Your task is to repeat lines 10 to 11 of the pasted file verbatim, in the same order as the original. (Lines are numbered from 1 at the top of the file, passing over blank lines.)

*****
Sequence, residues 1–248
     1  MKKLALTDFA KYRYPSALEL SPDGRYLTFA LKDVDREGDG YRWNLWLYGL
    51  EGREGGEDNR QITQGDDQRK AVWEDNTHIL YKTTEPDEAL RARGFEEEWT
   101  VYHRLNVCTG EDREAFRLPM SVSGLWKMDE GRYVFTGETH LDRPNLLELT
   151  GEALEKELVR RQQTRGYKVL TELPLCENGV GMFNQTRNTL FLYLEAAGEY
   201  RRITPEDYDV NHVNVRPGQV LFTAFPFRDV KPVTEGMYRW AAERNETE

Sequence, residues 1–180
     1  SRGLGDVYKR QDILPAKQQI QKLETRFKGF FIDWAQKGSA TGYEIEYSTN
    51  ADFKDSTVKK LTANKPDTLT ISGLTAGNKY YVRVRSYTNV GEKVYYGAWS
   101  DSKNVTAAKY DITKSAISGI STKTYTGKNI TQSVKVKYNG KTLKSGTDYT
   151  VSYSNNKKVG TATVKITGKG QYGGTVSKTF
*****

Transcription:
   101  DSKNVTAAKY DITKSAISGI STKTYTGKNI TQSVKVKYNG KTLKSGTDYT
   151  VSYSNNKKVG TATVKITGKG QYGGTVSKTF